Note that questions with verbs of being do not need an auxiliary like do:

Where are my shoes? (correct)

What is your name? (correct)

When was my brother here? (correct)


In all my examples above, the "wh-" question words act as nouns or adverbs:

What did you wear? I wore my red dress.

When was my brother here? He was here during the last thunderstorm.

However, some question words act as adjectives to modify nouns. In that case, you do not need a form of do:

Which bus goes to New York? (correct)

This bus goes to New York.

Whose dogs wants to play?

My dog wants to play.

Your questions without an auxiliary do are not correct:

What did you say? (correct)

What you said? (not correct)

The second form is never correct. Note that it is correct as a relative clause:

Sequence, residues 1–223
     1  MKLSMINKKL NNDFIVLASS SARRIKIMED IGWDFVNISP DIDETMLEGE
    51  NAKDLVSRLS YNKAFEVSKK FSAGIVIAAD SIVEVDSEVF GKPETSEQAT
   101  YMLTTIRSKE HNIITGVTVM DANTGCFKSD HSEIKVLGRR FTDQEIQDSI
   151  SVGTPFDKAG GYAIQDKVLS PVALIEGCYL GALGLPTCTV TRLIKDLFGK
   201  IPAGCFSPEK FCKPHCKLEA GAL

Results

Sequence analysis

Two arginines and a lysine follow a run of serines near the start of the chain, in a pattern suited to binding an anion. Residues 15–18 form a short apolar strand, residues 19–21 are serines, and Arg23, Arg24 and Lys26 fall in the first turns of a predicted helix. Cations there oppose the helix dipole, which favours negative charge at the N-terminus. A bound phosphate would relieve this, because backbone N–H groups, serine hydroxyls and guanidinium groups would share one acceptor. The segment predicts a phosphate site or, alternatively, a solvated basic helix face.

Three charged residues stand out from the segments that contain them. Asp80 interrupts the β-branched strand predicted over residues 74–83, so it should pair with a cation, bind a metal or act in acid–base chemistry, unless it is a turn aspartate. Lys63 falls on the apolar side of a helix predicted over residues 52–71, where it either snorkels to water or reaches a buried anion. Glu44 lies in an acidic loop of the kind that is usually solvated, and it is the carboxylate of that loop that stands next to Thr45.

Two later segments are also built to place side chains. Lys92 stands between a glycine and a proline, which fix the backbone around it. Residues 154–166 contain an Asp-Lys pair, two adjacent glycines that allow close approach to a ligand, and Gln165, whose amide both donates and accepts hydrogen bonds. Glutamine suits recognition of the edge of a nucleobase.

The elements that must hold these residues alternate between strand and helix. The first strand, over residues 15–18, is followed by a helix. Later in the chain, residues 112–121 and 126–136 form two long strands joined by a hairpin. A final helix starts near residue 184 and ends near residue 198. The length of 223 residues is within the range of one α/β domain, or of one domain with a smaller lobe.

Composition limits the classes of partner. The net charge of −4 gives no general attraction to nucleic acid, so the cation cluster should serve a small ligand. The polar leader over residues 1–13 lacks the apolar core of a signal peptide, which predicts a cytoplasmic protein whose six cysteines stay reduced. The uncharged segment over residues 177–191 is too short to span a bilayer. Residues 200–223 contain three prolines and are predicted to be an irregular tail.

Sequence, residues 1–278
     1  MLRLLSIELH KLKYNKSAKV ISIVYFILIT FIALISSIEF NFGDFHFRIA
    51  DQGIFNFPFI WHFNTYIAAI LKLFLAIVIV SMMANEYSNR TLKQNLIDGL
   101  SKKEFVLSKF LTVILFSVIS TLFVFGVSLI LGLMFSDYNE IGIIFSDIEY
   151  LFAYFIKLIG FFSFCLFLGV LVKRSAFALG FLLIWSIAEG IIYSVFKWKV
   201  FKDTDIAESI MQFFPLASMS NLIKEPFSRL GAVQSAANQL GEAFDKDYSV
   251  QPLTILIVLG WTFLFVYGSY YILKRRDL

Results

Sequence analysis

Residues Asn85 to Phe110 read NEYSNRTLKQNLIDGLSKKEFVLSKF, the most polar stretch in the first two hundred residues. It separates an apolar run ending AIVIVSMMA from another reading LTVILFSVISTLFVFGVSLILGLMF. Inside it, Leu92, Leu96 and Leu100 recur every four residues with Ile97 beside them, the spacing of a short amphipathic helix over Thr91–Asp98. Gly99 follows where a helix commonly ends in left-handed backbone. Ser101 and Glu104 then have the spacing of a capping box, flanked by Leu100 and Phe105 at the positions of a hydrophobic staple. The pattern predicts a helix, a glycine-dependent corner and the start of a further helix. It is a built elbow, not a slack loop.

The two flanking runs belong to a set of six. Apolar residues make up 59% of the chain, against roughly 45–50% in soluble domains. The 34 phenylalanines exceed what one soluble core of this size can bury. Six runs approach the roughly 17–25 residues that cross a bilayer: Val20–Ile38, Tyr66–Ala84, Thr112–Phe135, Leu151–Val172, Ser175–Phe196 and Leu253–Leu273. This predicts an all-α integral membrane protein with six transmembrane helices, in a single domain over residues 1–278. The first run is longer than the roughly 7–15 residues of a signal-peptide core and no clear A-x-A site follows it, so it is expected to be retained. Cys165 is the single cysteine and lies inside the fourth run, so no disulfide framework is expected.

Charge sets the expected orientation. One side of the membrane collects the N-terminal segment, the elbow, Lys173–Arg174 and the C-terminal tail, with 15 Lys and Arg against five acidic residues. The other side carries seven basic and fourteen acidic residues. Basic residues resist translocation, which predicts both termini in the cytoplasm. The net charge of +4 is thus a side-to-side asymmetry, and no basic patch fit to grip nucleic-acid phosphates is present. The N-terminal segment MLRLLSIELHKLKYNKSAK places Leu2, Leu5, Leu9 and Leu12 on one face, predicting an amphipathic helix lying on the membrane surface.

I heard what you said.

As a stand-alone sentence, however, "What you said?" is never grammatical.


Note that questions with verbs of being do not need an auxiliary like do:

Where are my shoes? (correct)

What is your name? (correct)

When was my brother here? (correct)


In all my examples above, the "wh-" question words act as nouns or adverbs:

What did you wear? I wore my red dress.

When was my brother here? He was here during the last thunderstorm.

However, some question words act as adjectives to modify nouns. In that case, you do not need a form of do:

Which bus goes to New York? (correct)

This bus goes to New York.

Your questions without an auxiliary do are not correct:

What did you say? (correct)

What you said? (not correct)